Horseshoe Pectus & Mixed deformities
Though less common than 'isolated' pectus deformity, mixed types are the most challenging form both in terms of diagnosis, including associated issues and treatment. Typically, mixed pectus deformities are a combination of both pectus excavatum and carinatum. Though typically seen in isolation the most important associated syndrome seen in such patients is Poland's syndrome.
A rare form of pectus deformity known by other names including horseshoe pectus, pouter pigeon chest, Currarino-Silverman Syndrome, chondro-Manubrial deformity or type 2 pectus carinatum. It typically presents at a young age and appears to result from early ossification of the costal cartilage and manubrial sternal junction along with bilateral deformity of costal chondral cartilage of the 2nd, 3th and/or 4th ribs. The deformity creates a horseshoe shaped effect on the anterior chest wall, the pectus carinatum element of the deformity, but unlike typical pectus carinatum the chest wall is often rigid with little flexibility. In addition, there appears to be an element of pectus excavatum or concavity involving the lower sternum though some surgeons consider this more a result of the horseshoe protrusion given the appearance that the lower sternum is drawn inwards.
Chest CT with 3D reconstruction of a Horseshoe pectus
Treatment remains challenging and include if recognised at an early age external compressive bracing of pectus carinatum element, surgery, a form of modified Ravitch which can be technically dificult and non-corrective options such as using pectus implants to mask the pectus excavatum element.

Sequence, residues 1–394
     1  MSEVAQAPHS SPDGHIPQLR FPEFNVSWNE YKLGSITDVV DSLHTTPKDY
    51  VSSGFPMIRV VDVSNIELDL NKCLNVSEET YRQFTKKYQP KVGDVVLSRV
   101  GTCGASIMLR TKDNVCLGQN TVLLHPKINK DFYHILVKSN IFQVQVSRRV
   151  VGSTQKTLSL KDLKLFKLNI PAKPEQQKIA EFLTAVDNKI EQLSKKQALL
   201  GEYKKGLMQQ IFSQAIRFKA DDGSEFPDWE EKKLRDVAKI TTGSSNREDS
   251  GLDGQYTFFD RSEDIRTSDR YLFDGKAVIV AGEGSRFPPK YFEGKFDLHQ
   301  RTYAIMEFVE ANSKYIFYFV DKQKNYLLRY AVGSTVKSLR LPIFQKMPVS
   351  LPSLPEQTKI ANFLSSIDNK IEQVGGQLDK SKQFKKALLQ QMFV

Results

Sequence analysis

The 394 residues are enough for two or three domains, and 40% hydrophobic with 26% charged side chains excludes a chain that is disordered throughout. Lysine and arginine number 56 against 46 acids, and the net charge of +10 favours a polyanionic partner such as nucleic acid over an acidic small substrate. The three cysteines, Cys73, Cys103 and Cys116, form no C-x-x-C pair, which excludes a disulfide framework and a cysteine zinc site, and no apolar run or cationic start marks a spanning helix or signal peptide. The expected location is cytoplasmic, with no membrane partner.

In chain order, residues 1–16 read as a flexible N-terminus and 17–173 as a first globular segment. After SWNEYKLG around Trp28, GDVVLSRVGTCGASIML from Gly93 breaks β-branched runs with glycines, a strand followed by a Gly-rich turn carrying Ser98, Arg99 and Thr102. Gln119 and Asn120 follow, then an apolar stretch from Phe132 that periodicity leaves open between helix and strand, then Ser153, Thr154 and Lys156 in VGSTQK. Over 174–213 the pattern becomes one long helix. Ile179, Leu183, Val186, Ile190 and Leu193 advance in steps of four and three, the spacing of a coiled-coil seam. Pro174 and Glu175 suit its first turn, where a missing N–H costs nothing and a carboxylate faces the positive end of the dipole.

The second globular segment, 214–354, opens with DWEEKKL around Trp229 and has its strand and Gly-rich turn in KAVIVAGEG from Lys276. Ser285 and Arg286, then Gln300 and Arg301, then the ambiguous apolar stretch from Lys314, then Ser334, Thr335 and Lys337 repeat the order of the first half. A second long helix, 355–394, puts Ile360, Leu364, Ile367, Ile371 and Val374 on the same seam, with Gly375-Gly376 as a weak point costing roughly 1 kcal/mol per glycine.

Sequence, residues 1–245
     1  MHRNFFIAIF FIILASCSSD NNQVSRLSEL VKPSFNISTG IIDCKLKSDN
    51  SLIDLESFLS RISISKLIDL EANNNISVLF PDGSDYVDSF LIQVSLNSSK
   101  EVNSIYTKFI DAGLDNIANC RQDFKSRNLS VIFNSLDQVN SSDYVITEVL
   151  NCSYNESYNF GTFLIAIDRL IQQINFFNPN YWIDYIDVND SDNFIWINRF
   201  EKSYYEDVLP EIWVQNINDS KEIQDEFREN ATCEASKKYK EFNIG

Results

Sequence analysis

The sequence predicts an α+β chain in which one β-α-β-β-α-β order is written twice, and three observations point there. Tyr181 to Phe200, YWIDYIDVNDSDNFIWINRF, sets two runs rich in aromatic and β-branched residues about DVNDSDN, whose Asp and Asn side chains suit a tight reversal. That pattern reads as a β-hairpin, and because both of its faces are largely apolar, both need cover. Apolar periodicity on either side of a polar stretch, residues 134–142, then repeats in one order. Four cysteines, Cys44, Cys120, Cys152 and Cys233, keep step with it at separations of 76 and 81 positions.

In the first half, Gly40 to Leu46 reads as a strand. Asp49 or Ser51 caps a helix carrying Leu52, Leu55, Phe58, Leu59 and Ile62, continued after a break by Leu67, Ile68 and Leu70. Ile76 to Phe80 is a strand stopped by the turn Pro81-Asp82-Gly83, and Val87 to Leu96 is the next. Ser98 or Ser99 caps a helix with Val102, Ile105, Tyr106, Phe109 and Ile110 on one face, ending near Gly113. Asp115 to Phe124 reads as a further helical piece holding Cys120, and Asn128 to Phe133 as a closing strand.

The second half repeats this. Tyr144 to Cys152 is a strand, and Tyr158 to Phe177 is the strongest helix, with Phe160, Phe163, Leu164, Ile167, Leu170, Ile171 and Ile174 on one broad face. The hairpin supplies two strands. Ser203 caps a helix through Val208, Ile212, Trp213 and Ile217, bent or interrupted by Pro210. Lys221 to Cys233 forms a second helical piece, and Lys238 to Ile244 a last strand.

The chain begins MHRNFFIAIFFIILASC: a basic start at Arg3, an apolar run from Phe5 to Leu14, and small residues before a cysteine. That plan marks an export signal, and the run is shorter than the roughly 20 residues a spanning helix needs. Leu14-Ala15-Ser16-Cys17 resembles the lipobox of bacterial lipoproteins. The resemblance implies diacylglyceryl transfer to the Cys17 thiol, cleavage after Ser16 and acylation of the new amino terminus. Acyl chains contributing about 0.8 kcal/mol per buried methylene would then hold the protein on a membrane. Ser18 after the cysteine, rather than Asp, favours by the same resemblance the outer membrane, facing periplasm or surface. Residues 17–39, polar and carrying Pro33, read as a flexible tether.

Young man with Horseshoe pectus before (left) and after non-corrective pectus implants.
Young man with Horseshoe pectus before (left) and after non-corrective pectus implants. Note had a previous Nuss operation (scar on side).
Mixed Pectus deformities
True mixed pectus deformities, like pectus arcuatum are rare. The chest wall appears to have a combination of pectus carinatum and excavatum with or without rib flare and other posture changes but require an experienced surgeon to assess and offer treatment options. Often there is a ‘dominant’ deformity, and this is important as helps predict what treatment options there are.
An example of a ‘mixed’ pectus deformity but on further investigations is likely to represent an asymmetric pectus carinatum with an associated torsion (twisting) of the sternum with an apparent pectus excavatum. The patient underwent successful bracing of their pectus carinatum and targeted physical therapy
A young boy with a mixed type of pectus deformity with a predominant pectus excavatum and right-sided mild carinatum and associated mild bilateral rib flaring. Before (Box 1) and after a Nuss procedure following bar removal (Box 2)